• Medication

In individuals with leukopenia, the production of immune system cells in the body can be supported by the use of various medications. If infectious diseases are determined to be effective in the development of leukopenia, it may be necessary to prescribe antiviral, antifungal or antibiotic drugs for the infectious agent.

The underlying reason for the development of leukopenia in some people may be medications used for various health problems. These medications can be replaced with alternatives that are less likely to cause these side effects, with the knowledge and recommendation of physicians.

  • Growth Factor Use

Various growth factors used to stimulate stem cells in the bone marrow and support the production of immune system cells from these cells is a practice that can yield positive results, especially in some genetic disorders and leukopenia cases caused by chemotherapy.

  • Nutritional Style Changes

In general, it is desirable to keep the bacterial level in foods consumed by people with severe leukopenia low. At the same time, it is recommended that people with leukopenia pay more attention to the body’s vitamin and mineral needs within the scope of a healthy and balanced diet.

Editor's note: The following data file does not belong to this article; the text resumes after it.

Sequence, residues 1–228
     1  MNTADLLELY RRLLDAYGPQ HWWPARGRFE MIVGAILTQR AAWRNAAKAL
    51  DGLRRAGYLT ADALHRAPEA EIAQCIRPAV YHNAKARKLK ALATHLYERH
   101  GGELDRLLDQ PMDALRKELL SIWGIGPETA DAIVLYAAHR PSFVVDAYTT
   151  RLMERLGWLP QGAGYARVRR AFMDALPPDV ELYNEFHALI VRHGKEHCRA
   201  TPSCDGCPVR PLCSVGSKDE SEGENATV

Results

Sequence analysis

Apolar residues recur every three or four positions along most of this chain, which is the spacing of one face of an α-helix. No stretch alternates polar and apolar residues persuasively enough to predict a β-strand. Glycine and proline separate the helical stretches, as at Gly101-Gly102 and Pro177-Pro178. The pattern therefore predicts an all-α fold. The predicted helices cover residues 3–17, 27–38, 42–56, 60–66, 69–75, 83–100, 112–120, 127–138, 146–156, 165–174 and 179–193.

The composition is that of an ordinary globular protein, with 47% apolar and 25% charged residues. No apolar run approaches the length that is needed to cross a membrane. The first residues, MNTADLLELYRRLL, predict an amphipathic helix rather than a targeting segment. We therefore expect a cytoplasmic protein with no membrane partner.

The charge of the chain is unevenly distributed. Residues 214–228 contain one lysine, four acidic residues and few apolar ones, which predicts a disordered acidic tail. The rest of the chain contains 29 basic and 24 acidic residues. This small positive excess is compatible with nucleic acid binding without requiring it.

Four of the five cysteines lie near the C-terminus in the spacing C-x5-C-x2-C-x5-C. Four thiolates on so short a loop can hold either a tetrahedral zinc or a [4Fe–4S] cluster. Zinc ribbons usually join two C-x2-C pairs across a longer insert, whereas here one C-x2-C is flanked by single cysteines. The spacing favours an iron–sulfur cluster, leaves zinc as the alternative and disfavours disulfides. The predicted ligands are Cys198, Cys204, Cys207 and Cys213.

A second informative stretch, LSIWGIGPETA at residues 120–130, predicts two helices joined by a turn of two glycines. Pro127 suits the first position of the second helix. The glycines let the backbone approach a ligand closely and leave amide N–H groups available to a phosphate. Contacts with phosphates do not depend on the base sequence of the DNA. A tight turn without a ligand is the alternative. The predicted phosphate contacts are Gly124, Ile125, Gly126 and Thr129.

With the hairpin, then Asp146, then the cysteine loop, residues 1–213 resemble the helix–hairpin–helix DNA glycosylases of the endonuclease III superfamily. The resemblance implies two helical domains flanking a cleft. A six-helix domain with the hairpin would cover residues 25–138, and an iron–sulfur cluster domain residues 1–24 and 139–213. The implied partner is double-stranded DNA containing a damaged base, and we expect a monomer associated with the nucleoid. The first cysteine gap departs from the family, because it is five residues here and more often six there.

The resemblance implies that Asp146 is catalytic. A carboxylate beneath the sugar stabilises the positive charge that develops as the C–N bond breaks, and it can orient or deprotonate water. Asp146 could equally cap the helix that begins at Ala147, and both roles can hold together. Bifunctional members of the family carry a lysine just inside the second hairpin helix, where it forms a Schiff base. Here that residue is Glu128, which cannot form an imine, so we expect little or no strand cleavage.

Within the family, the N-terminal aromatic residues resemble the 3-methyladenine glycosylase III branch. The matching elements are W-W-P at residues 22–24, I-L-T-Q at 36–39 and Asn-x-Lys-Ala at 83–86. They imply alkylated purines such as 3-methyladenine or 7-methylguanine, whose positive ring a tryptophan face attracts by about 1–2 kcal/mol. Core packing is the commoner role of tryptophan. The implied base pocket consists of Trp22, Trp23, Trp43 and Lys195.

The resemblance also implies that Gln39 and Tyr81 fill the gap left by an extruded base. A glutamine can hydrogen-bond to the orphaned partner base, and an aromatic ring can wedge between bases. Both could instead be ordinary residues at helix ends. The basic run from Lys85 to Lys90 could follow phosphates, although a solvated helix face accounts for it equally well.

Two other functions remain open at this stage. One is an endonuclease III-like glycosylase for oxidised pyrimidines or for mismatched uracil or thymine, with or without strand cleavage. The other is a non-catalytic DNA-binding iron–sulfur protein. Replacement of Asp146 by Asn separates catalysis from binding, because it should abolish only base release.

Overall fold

In addition to changing the diet, methods such as resting, taking precautions against all kinds of cuts, even minor ones, and restoring body hygiene after contact with environments containing creatures that have the potential to cause disease, are among the practices that people with leukopenia can perform to avoid serious infection situations.

Considering all these features, it is recommended that individuals with leukopenia have regular check-ups and their white blood cell levels are routinely examined.